GREER: Really, what's at stake here is will there be a next Google or next Netflix? Net neutrality is the first amendment of the internet. It gives all of us a voice and opportunity. The internet has created so many jobs and democratized our economy and society. When we talk about what is at stake here, it's not just about videos. And even those videos, it's also about the future of freedom of expression and the future of our democracy as a whole. That's what we are talking about. It hangs in the balance and is worth fighting for.

VAUSE: Yes. And the big carrier companies who want the regulations rolled back, they're not opposed to an open internet. They say they just don't like the Obama era rules. Is there a compromise here?

GREER: Unfortunately, the cable companies are just essentially; pardon my French, full of it. They are citing misleading studies they funded. And what they are saying when they support net neutrality, they are saying we like free speech but we want to get rid of the first amendment. Title two is what prevents cable companies from engaging in censorship and charging extra fees and ruining the internet for their own profit. They are pouring a lot of money into misinformation here and people should educate themselves and make sure their voices are heard and not just the voices of lobbyists from these companies.

VAUSE: The FCC is taking comments from the public on all these proposed changes, John Oliver has been vocal and talked about how difficult it is to make a comment to the FCC. Watch this.


JOHN OLIVER, COMEDIAN: It seems once more, we the people, must take this matter into our own hands because the FCC are again going to invite public comment on their website and conveniently for them, the process is more complicated than it was three years ago. You have to go to and when you get in this page, you have to put in the proceeding number and hit search and on the next page restoring internet freedom is the only link. And then click express. Only then can you leave your comment.


VAUSE: Watching that, it seems the FCC may not be too interested in what people have to say which then raises the question, what are the chances here with Donald Trump in the White House and not Barack Obama?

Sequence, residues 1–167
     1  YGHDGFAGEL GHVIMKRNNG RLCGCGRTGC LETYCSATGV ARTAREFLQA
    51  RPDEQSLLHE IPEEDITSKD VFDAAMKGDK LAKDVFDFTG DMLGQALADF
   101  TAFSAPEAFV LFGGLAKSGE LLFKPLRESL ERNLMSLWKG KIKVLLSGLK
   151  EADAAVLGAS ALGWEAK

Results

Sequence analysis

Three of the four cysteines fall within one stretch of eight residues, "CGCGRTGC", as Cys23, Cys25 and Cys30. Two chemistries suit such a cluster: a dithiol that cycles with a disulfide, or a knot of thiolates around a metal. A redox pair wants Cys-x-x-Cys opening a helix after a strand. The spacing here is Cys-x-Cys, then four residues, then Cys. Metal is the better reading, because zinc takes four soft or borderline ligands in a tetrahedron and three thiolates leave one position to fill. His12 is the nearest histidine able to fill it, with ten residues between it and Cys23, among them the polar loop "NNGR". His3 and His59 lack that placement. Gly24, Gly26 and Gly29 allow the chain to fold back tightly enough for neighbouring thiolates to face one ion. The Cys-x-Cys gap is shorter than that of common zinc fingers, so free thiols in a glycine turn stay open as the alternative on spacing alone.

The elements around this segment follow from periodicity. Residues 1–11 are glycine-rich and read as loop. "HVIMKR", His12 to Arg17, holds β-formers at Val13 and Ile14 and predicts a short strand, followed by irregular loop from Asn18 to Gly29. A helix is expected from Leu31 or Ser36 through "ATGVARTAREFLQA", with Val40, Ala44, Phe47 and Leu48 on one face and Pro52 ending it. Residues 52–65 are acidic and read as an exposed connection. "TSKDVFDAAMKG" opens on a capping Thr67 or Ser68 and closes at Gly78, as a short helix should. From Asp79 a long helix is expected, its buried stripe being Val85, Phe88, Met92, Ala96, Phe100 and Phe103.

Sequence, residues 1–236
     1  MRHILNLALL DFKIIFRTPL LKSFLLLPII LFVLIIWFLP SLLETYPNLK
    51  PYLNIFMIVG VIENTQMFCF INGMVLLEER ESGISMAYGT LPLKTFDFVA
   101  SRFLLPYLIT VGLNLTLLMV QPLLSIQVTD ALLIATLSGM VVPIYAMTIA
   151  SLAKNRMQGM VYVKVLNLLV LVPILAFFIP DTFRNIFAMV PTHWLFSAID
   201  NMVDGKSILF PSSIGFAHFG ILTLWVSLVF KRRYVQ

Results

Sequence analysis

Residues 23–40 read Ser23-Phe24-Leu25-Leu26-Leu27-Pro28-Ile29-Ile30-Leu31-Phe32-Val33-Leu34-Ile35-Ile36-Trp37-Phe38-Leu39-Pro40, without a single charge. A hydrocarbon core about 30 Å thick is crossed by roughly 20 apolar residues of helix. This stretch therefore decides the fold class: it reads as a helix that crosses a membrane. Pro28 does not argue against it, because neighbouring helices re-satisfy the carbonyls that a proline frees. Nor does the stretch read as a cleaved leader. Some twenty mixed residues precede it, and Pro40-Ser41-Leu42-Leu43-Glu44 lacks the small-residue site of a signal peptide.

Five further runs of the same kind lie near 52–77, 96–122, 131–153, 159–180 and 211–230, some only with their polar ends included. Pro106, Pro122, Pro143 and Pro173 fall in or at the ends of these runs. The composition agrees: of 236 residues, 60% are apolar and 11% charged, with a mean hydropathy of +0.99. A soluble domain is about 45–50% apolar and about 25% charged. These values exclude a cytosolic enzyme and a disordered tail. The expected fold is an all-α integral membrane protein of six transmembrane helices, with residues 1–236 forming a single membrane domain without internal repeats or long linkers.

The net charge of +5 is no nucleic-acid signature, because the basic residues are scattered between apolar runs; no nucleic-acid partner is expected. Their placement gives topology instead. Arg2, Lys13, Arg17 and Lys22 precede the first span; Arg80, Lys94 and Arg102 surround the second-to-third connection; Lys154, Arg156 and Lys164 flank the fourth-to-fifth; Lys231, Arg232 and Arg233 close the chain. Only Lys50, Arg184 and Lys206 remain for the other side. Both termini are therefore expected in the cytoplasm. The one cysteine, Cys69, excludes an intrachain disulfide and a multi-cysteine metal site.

GREER: So the reality is that outside of Washington D.C., this just isn't a partisan issue. Voters from across the spectrum, independents, Democrats, Republicans, Libertarians, Conservatives, all agree they don't want Comcast, Verizon and AT&T to be the editors of the internet. Because this isn't a partisan issue among voters that means our members of Congress are really in play here. And they oversee the FCC. So even though this FCC Chairman is a former Verizon lawyer, has made it clear that he doesn't care what the public thinks, he has to care what Congress thinks and Congress is supposed to answer to us. Everyone needs to be taking action.

We have a page so you don't have to go through all that stuff that John Oliver was just talking about. You can just go to battle of the net and easily submit a comment and contact your lawmakers with a couple of clicks. And the reality is, they really care what the public thinks about this, they know it's unpopular with voters, and they need to know that if they stand by and let the FCC get rid of these protections, they're going to be seen as enemies of the internet and enemies of freedom of speech.

[01:25:00] OK,, we'll leave it there, Evan. Thanks so much. Appreciate you being with us.

GREER: Thanks for having me on.

SARA SIDNER, CNN ANCHOR: Coming up, Donald Trump sits down for a television interview, and it's not with FOX News. What the president told a famous American televangelist, coming up next.


VAUSE: Welcome back, everybody. You're watching CNN NEWSROOM, live from Los Angeles. I'm John Vause.

SIDNER: I'm Sara Sidner.

The headlines for you at this hour.